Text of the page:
The solution: Carefully grab a napkin from the dispenser without touching the area around it (or better yet, use one you brought from home). Then, use that napkin to take any necessities you may need. Another way to avoid contact with buttons or screens is to pull your sleeve down over your hand as a barrier. If you're using a straw to drink, make sure to tear it in such a way that your hands only come into contact with the wrapper, so that no surface you're touching gets inserted into the liquid.

How to transform your airplane seat into a safe zone

<cite class="article-embeddable-attribution">Source: Tri Vo/Mic</cite>
Source: Tri Vo/Mic

The ick factor: The seats on a plane can contain "bacteria, viruses or pests, like body lice," according to Tierno. He added that some of the dirtiest spots are the headrests, seat belts, air vents and especially the tray table, which doesn't necessarily get properly cleaned, and comes in the closest contact with your in-flight snacks.

The solution: I tend to go overboard, ensuring that every surface around me — high and low, forward and back — gets a cleaning or two. Tierno agrees that using sanitizing wipes is the way to go. He also noted that clothing is "protective," so "chances are you won't catch anything from sitting in the seat."

How to deal with a coughing co-passenger

The ick factor: Being trapped in tight quarters with a passenger who is clearly sick is enough to drive even the most casual germaphobe nuts. The danger zone is actually a six-foot radius around the coughing flyer — or about three or four rows front and back, and two or three rows side-to-side, according to Tierno.

The solution: Unless you're on a very empty flight, the ideal solution of moving out of that zone is likely impossible. So the next best thing, Tierno said, is to make the one move guaranteed to draw attention to you: Bring and wear a surgical mask to prevent germs from getting into your system. If safety comes at a price, yours will be a little embarrassment — unless you're flying in or out of East Asia, where masks are a more common sight on public transportation.

How to survive an airplane bathroom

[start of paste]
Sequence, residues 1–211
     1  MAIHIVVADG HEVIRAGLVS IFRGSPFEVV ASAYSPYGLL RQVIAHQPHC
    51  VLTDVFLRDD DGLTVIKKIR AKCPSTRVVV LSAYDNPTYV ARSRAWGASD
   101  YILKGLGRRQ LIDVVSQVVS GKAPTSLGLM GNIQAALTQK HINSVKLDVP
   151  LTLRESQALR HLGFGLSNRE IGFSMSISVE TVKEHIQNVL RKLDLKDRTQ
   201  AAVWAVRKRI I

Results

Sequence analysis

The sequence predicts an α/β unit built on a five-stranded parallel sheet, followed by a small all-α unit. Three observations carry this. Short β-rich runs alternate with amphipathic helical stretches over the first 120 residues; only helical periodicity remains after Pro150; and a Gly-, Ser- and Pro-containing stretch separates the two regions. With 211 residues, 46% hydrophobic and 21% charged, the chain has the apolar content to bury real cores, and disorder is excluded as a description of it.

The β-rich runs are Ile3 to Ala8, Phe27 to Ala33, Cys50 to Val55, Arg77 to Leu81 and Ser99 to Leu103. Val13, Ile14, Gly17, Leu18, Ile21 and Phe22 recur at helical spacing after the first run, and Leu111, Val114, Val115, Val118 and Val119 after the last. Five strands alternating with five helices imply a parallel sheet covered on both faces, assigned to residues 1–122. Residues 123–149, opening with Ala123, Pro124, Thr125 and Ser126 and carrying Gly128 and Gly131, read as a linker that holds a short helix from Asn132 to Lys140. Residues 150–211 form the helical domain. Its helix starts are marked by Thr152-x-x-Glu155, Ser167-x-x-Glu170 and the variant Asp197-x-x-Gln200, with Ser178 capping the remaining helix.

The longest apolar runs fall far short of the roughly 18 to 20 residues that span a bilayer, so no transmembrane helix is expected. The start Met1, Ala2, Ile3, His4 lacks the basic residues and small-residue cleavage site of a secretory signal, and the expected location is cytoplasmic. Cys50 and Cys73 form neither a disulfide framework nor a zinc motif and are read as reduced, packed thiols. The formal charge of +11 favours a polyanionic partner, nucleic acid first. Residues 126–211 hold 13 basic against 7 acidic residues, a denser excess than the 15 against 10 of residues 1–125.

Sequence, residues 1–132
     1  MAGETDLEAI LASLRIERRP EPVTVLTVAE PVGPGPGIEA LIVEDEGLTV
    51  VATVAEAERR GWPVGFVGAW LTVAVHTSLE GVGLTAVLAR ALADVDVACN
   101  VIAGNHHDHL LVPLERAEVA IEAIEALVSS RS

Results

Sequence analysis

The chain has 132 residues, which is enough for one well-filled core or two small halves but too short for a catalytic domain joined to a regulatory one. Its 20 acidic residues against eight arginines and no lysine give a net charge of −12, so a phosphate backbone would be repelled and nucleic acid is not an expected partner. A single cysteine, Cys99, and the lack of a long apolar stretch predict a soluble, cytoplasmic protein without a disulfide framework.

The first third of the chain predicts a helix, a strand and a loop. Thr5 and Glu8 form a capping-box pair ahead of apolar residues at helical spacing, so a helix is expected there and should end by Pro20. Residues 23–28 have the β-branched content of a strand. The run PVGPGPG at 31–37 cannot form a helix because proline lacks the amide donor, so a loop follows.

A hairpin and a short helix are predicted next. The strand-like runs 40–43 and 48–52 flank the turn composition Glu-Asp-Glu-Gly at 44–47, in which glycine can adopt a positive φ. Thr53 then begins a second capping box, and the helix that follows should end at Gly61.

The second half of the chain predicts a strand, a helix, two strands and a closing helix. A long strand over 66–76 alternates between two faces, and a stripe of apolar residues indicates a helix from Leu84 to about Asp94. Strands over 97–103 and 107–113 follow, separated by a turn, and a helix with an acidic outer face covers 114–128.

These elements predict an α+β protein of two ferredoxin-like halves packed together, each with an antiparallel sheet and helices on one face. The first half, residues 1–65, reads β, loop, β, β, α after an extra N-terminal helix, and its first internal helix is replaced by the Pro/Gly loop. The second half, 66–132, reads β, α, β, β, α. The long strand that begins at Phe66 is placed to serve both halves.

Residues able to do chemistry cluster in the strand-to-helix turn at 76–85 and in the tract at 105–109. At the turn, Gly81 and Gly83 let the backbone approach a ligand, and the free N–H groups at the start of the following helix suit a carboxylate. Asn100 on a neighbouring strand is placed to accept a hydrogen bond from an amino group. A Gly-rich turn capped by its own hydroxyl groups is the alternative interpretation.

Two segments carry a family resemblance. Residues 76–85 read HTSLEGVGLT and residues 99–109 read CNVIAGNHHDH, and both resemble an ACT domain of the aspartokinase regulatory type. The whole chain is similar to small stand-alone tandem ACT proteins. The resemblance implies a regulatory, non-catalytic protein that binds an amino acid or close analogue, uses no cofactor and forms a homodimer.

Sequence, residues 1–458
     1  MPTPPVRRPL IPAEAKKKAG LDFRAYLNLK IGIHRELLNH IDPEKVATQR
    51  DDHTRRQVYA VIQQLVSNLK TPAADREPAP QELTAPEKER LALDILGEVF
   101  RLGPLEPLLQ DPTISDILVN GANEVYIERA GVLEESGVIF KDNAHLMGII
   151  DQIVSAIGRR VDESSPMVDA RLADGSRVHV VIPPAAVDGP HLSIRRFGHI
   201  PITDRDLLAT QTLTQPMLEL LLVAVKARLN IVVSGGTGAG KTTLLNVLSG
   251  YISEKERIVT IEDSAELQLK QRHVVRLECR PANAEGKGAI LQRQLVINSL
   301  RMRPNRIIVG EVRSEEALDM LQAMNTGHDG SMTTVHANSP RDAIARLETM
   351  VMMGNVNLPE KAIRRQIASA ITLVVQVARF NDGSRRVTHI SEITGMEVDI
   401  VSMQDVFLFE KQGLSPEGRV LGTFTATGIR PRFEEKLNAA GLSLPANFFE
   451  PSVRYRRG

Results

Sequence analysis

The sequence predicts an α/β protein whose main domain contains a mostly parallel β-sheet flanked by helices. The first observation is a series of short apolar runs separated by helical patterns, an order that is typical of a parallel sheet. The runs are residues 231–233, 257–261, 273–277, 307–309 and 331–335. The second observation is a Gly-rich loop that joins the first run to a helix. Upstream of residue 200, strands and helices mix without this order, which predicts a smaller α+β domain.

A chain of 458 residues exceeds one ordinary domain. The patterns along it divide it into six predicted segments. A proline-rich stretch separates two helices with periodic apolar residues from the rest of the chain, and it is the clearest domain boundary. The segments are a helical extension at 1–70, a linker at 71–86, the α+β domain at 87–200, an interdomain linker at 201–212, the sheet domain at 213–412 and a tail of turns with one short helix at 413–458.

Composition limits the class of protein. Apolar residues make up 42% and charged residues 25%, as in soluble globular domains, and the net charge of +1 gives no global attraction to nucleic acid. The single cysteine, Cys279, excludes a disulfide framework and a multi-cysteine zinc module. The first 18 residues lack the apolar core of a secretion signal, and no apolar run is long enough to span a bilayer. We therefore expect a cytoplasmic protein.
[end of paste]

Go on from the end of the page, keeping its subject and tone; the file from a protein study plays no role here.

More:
The ick factor: Based on volume of use alone, the airplane bathroom might be the biggest germ-spreading culprit. With so many passengers touching the same few spaces in a short amount of time, it's an ideal breeding ground for germs of all kinds. The door latches on both sides and the toilet seat are some of the dirtiest areas, according to Tierno.

The solution: Tierno admitted that he brings his own tissues to touch the seat because the provided toilet paper might come into contact with other surfaces. He also stressed the importance of not letting the automatic faucets cut short your hand washing (15 to 20 seconds is an ideal amount of time). "That friction when you're rubbing your hands is important since it cuts down on the number of bacteria," he said. The best practice is to use a hand sanitizer that is at least 60% alcohol after washing your hands — and then again on your way back to your seat. "This way your hands are free of anything you may pick up in the bathroom," he noted.

These scenarios might be enough to keep germaphobes from avoiding air travel completely, but there's no reason to stop flying. Not all germs are dangerous, and the human immune system is strong at fending off what it needs to. "It's an unfortunate circumstance," Tierno said. "You're traveling by air and there are limitations. Just be aware. Once your hands are contaminated, refresh before eating and drinking, so it doesn't get into your system — and you'll be fine."